Weaponising global law

China’s bellicosity towards India, exhibiting complete violation of international law, fits in the larger pattern of China’s conception of rule of law. Known as the ‘socialist rule of law with Chinese characteristics’, China views law as an instrument in the service of the state or, more precisely, the Chinese Communist Party (CCP). This is diametrically opposed to the rule of law theory in liberal democracies where law’s function is to constrain unbridled state power. Internationally, there are several examples of China weaponising international law to further the will of the CCP.

First, China fervently denounced a 2016 ruling in favour of the Philippines by an arbitration tribunal under the aegis of the UN Convention on the Law of the Sea (UNCLOS), in a maritime dispute between the two sides in the South China Sea.

Second, although China claims to be a defender of the international trade law regime at the World Trade Organization, the fact is that it has ingeniously exploited the system to pursue its policy of mercantilism by hiding behind a non-transparent and complex economic system. It is accused of providing illegal subsidies, manipulating currency to make exports competitive, stealing intellectual property, and forcing companies to transfer technology.

Third, as American scholar Orde F. Kittrie writes in his book, Lawfare: Law as a Weapon of War, China “has a long history of gaming the international legal system by entering into legally binding nuclear nonproliferation obligations with which its rivals (including the United States, Japan, and South Korea) tend to comply while [China] secretly violates these obligations by providing nuclear technology to its allies, often through proxies”.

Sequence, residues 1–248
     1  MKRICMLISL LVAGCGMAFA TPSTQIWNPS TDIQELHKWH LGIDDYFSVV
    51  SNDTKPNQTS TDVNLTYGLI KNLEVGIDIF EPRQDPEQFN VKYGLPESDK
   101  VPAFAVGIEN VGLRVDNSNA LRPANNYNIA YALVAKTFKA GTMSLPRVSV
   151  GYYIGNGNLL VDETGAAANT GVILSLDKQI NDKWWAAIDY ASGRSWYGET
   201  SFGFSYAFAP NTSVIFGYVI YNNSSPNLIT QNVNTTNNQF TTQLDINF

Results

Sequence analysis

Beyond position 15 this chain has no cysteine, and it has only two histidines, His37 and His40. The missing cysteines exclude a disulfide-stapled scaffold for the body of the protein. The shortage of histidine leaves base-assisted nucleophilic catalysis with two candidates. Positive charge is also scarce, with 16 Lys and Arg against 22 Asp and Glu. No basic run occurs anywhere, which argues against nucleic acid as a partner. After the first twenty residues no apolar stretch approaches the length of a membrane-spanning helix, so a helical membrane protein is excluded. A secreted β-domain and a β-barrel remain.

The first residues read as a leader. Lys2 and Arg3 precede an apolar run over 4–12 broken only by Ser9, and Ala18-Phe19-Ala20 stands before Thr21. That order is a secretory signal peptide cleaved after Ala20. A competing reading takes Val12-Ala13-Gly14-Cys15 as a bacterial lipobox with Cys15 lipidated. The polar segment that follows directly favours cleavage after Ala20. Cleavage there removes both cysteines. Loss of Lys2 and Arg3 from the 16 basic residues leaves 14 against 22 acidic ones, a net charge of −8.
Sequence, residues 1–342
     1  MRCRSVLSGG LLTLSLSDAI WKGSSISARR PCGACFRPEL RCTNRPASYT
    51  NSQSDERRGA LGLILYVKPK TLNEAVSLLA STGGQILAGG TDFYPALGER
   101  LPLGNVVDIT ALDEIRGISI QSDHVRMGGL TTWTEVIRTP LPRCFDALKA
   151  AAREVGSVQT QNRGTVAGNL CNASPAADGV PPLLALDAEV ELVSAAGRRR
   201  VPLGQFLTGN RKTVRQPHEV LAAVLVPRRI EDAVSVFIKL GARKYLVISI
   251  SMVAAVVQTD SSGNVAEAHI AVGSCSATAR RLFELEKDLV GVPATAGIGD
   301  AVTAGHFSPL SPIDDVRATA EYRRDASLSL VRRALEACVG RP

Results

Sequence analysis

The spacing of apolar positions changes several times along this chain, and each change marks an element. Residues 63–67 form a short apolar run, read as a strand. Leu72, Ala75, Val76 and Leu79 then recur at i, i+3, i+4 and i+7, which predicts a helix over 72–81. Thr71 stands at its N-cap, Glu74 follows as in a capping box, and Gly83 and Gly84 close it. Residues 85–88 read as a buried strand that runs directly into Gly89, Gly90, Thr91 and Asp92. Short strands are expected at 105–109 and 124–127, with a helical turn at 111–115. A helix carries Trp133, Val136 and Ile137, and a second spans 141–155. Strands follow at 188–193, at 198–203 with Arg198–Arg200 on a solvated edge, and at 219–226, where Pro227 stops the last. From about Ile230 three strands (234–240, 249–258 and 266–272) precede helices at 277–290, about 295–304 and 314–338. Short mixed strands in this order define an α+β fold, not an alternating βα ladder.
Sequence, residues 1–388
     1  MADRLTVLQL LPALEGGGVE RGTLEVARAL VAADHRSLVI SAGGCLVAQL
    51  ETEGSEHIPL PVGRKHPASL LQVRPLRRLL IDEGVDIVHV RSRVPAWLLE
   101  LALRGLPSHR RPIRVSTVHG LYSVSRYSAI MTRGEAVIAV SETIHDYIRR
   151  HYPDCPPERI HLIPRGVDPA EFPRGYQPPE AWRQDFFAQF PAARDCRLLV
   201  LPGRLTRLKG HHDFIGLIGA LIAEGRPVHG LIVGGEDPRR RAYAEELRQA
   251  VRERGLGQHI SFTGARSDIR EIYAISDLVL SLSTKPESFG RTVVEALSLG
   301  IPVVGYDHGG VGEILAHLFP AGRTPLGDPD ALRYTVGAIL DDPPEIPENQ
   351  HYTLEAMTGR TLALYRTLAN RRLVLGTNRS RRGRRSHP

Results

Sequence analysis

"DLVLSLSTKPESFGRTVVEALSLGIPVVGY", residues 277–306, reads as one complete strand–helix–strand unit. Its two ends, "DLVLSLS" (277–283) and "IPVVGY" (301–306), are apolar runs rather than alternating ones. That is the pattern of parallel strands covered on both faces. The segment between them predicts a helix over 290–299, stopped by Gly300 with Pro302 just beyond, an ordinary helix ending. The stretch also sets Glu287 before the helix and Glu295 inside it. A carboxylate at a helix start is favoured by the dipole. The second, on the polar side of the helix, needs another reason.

In the case of India, China uses the sovereignty argument to cover up its barefaced illegalities. The Chinese unethical legal warfare or lawfare is aimed at hamstringing the opponents without actually fighting a war.

This practice of weaponising international law sours relations between countries, generating an atmosphere of distrust.

India’s lawfare

New Delhi should develop its strategy of ethical lawfare by mainstreaming international law lexicon into its diplomatic toolkit to respond to Beijing’s challenge. Rather than pussyfooting around, India should make a strong legal case by painstakingly marshalling all the international treaties, including the UN Charter and customary international law, at every forum to call out China’s illegal actions. An unequivocal proclamation should be made at all international platforms that India reserves the right to act in self-defence under Article 51 of the UN Charter to counter any Chinese misadventure. Enacting a national security law aimed at imposing restrictions or sanctions of various kinds (trade, economic, military) on those countries with whom India shares a land border can be an option. The purpose of India’s lawfare should be to ably demonstrate to the world that China’s international law violations pose a threat to the entire international community — not just India.

There is no gainsaying that for India, a liberal global order dominated by American exceptionalism, notwithstanding its flaws, is a lesser evil than a world order subjugated by Chinese exceptionalism that strikes at the heart of cherished liberal democratic values.

Prabhash Ranjan is Professor and Vice Dean, Jindal Global Law School, O.P. Jindal Global University. The views expressed are personal